The evolution of Dublin's golden generation
WHEN is a great team really ever one great team?
The closest thing to it in GAA is the Kerry side that won four-in-a-row between 1978 and '81. By the time they lost that famous fifth final to Seamus Darby's late goal, only three of the starting fifteen had changed in five years.
Only Ger O'Keeffe, Tommy Doyle and Tom Spillane forced their way in during the subsequent blaze of glory.
Beyond that, the wheels of time have turned on them all.
Take the Tyrone crop of the decade gone last, regarded as having won three All-Irelands.
Only six men that started the 2003 final win over Armagh began the decider against Kerry five years later.
Unfortunate and tragic circumstance brought that figure down from eight. Cormac McAnallen would have been in his prime and the death of John Devine's father on the eve of the '08 final skews the perspective slightly.
But like any team, change happened gradually. Even by '05 a third of the team had changed.
It wasn't a new side in 2008 but it wasn't the team that had won Sam Maguire in 2003.
The same applies to this rampant Dublin generation.
Since they finally ended their 16-year wait for an All-Ireland title under Pat Gilroy in 2011, they have dominated the football scene, winning another three of the five titles since.
And like any great team, there remains a tangible link back to the trailblazers.
Stephen Cluxton's imprint on that final will remain the abiding memory of a game that was otherwise kind of forgettable. Whether you choose to recall the brilliance of his match-winning free or what we now know to be a characteristic non-celebration, he has grown to define the entire shape of Gaelic football.
At 35, he is still going strong, leaving Michael Savage a frustrated winner of three All-Ireland medals without touching any leather worth speaking of.
The Parnells goalkeeper will go for as long as he wants to. Time mightn't wait on any man but it ticks by that little bit slower for him.
How much longer he decides to play for is anyone's guess. The barrier is less definitive on a goalkeeper, particularly one that treats his body though it were a priceless artefact.
Cluxton is one of six players that started the final six years ago and, in normal circumstances, would start Sunday's All-Ireland semi-final against Tyrone.
He will play, as will Cian O'Sullivan, James McCarthy and, more than likely, Michael Fitzsimons, whose presence among this group is a half-truth given that he didn't start the 2013, '15 or '16 All-Ireland finals, only truly re-establishing himself with that man-of-the-match display in the replay last year.
If Paul Flynn is fit you'd expect him to start and if Diarmuid Connolly weren't so well acquainted with Ciaran Branagan's shoulder, he would be a shoo-in for the half-forward line.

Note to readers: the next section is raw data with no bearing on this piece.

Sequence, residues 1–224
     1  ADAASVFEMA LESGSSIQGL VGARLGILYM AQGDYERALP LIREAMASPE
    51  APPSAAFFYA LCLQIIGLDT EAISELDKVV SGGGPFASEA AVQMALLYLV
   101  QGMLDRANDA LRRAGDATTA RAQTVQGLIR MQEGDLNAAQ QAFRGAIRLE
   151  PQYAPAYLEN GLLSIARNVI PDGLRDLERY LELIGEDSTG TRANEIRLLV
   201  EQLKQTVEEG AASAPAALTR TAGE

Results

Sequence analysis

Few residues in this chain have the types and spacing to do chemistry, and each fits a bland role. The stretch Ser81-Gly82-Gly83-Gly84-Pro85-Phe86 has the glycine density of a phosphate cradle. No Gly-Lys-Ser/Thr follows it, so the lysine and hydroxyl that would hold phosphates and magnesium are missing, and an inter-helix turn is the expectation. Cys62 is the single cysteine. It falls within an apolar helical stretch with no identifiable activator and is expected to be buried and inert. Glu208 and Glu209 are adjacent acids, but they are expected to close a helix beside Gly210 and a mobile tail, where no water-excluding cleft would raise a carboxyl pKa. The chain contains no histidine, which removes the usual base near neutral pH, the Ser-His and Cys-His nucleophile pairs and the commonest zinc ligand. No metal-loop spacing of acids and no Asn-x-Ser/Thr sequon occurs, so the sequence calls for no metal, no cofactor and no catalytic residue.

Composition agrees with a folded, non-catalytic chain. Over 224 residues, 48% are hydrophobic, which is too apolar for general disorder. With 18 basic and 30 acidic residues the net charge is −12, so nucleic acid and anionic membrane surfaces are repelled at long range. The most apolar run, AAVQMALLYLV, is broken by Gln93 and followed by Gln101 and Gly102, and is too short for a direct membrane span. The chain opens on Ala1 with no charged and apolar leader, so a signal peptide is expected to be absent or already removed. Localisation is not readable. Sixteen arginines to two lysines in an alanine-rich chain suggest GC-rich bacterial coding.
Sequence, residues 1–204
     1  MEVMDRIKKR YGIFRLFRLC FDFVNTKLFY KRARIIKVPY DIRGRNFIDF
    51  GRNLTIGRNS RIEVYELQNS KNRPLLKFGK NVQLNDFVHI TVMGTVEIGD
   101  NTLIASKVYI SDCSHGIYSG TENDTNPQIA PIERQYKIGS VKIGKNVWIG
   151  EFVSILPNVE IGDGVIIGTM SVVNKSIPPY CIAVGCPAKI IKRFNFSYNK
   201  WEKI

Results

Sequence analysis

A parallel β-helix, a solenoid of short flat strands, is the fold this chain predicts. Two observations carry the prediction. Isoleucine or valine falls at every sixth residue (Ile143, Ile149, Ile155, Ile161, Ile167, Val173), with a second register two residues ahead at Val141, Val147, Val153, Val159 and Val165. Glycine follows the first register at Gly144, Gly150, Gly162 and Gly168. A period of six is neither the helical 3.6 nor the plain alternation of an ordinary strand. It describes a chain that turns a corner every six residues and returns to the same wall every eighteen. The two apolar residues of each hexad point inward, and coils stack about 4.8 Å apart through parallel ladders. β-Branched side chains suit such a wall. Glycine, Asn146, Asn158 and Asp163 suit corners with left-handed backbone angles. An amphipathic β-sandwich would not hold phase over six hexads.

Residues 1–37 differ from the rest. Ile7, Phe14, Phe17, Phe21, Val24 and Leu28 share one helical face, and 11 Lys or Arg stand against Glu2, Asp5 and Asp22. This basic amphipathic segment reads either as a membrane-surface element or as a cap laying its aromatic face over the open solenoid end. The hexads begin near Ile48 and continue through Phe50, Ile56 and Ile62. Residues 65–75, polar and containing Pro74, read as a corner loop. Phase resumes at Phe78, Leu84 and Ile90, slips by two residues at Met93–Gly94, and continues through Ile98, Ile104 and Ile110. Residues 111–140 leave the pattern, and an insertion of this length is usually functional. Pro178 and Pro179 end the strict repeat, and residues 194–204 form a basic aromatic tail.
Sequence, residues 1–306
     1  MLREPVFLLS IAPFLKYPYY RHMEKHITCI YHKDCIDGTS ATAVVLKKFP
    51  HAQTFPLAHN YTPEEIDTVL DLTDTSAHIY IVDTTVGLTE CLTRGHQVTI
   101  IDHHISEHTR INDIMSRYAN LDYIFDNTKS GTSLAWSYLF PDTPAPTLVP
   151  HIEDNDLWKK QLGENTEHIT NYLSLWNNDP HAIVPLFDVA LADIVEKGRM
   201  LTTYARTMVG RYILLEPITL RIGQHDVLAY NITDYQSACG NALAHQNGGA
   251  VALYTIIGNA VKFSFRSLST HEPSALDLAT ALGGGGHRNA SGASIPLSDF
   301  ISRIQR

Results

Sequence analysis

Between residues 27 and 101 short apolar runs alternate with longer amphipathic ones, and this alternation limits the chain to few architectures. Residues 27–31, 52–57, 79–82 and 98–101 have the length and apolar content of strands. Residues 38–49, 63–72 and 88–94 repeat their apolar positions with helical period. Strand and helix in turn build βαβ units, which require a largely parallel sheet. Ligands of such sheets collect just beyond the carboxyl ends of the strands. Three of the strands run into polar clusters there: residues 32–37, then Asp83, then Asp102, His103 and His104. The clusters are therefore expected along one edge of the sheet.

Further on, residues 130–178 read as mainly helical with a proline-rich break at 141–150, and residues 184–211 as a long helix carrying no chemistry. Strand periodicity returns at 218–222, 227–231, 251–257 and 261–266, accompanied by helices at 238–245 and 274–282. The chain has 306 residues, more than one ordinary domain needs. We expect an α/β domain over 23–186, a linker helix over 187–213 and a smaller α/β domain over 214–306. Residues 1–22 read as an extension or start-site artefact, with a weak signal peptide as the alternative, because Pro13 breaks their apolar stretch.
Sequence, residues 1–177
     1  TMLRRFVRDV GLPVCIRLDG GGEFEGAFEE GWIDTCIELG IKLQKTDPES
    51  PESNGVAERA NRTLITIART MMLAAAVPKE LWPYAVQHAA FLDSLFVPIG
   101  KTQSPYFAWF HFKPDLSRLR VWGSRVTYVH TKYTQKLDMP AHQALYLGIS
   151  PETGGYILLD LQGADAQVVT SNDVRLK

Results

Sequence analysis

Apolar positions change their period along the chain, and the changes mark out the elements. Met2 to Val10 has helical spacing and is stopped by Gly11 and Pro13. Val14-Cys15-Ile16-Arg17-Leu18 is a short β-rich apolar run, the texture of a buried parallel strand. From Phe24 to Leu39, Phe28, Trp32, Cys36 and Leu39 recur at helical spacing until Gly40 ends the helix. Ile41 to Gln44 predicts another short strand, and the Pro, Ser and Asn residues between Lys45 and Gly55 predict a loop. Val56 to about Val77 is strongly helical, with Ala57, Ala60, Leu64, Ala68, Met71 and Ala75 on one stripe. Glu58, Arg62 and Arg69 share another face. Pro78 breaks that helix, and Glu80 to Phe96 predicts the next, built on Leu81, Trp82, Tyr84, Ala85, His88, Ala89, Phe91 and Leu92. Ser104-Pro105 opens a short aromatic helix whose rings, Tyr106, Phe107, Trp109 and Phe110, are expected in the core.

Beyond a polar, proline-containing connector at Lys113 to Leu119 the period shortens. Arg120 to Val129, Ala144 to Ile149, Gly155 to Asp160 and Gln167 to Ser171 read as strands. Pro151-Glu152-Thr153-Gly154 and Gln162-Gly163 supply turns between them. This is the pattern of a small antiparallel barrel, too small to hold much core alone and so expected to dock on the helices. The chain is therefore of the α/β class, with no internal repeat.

Both might still start but there is a possibility that they don't. And in that case, Dublin would begin with just four of Pat Gilroy's side.
Ger Brennan, Kevin Nolan, Barry Cahill, Bryan Cullen and Alan Brogan have retired. Rory O'Carroll chose travelling over medals. Denis Bastick and Michael Darragh Macauley have been sidelined, and Bernard Brogan is no longer a starter either.
Philip McMahon was a sub that day and will start against Tyrone, while Kevin McManamon and Eoghan O'Gara also came off the bench.
Interestingly, reserve goalkeeper Savage is the only of the 11 unused subs that is still on the panel.
Jim Gavin took over when they lost their title to Mayo the following autumn and has built an astonishing record 38 wins from 42 championship games in charge.
Eighteen-in-a-row unbeaten is the record they put on the line this weekend. Would you have seen that happening under Gilroy? Perhaps not, but he put the founds in.
Gavin did make it his own team fairly quickly. McMahon, Jonny Cooper, Jack McCaffrey, Ciaran Kilkenny, Paul Mannion and Paddy Andrews were all starters in the 2013 final.
The changes he has made have been that bit more subtle, and forced in some ways. Rory O'Carroll's departure was supposed to leave them susceptible in the full-back line but few have been brave enough to push three men inside and test that theory.
Cooper and McMahon were the inside men of choice up until Fitzsimons forced his way back in. Since then, he has almost assumed the role of go-to man-marker and will most likely pick up Tyrone's one man inside, Mark Bradley, on Sunday.
Almost unnoticed, we've reached the point where he, Eric Lowndes and John Small – one of their best players last year – have become regular starters without much fuss about them.
Even the best finisher of a generation, Bernard Brogan, has slipped into more of a bit-part role and had his scores comfortably covered.
With eight of last year's All-Ireland final replay team now 29 or over, there is further evolution on the way over the next couple of seasons.
And for all the change, the silverware keeps rolling in and the records keep falling.
Dublin 2011 All-Ireland final
S Cluxton; M Fitzsimons, R O'Carroll, C O'Sullivan; J McCarthy, G Brennan, K Nolan; D Bastick, MD Macauley; P Flynn, B Cahill, B Cullen; A Brogan, D Connolly, B Brogan
Subs: P McMahon for McCarthy; K McManamon for Flynn; E O'Gara for Cahill; E Fennell for Bastick
Unused: M Savage, P Conlon, P Casey, D Henry, T Quinn, S Murray, R McConnell, C Dias, D Lally, P Brogan, P Griffin
Probable Dublin 2017 v Tyrone
S Cluxton; M Fitzsimons, P McMahon, J Cooper; J Small, C O'Sullivan, E Lowndes; B Fenton, P Flynn; J McCarthy, C Kilkenny, J McCaffrey; C O'Callaghan, P Mannion, D Rock
Subs: E Comerford, D Bastick, B Brogan, D Byrne, S Carthy, D Connolly, D Daly, K McManamon, C Reddin, E O'Gara, N Scully